Dr Stefano Bagnasco (I.N.F.N. TORINO)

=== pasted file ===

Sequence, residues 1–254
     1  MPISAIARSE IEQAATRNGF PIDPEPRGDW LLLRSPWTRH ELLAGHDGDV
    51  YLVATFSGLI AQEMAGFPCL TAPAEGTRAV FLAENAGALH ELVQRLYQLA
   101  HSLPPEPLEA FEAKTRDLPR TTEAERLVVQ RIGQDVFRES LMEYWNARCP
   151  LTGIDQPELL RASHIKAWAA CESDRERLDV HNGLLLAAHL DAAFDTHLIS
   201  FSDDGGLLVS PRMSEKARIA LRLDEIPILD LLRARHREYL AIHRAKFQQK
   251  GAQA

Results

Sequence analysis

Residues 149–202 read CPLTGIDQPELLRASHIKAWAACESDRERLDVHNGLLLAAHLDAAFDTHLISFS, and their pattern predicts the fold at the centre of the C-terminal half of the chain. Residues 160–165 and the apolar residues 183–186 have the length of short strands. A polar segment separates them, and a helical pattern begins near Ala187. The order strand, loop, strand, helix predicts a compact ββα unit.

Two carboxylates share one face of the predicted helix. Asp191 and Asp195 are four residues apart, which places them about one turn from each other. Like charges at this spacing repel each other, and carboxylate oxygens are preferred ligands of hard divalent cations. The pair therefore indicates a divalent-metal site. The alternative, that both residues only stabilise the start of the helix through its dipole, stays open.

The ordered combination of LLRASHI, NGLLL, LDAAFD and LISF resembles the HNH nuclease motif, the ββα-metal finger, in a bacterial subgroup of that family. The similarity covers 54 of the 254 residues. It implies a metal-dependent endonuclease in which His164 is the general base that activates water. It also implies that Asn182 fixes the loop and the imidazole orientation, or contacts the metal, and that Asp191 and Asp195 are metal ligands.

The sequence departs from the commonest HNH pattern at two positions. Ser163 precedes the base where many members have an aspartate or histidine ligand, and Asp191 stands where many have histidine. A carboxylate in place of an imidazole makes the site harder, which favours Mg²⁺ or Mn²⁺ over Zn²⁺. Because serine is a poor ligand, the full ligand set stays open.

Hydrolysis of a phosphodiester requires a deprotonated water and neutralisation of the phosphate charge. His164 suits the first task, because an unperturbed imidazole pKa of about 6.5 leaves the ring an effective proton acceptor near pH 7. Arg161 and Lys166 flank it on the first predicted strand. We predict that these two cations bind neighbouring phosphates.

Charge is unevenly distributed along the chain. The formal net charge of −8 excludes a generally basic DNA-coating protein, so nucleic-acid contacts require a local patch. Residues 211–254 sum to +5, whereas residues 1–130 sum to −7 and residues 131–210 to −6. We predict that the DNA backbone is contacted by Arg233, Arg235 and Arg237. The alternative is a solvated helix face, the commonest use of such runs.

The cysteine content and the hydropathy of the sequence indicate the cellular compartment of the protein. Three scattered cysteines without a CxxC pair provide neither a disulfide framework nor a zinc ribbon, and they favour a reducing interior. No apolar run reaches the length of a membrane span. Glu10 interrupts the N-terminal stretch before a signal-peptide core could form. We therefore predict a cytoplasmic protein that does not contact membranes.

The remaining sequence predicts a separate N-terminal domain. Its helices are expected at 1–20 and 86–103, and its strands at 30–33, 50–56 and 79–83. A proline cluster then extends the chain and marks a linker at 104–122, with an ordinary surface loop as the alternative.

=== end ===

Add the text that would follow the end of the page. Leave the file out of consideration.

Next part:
Elastic cloud computing applications, i.e. applications that automatically scale according to computing needs, work on the ideal assumption of infinite resources. While large public cloud infrastructures may be a reasonable approximation of this condition, scientific computing centres like WLCG Grid sites usually work in a saturated regime, in which applications compete for scarce resources through queues, priorities and scheduling policies, and keeping a fraction of the computing cores idle to allow for headroom is usually not an option. In our particular environment one of the applications (a WLCG Tier-2 Grid site) is much larger than all the others, so a possible strategy is to make it shrink and release resources when smaller, higher priority ones require them. The implementation of said model in our infrastructure, based on the OpenNebula cloud stack, will be described and the very first operational experiences with a small number of strategies for timely allocation and release of resources will be discussed. Such strategies, which aim to be non-invasive with respect to our most common class of applications, i.e. Grid jobs, include for example the tuning of virtual Worker Node parameters (number of cores and lifetime) to match the statistical distribution of job durations, or the balance between the amount of resources statically pinned to an application and the amount left available for competitive seizing by elastic applications.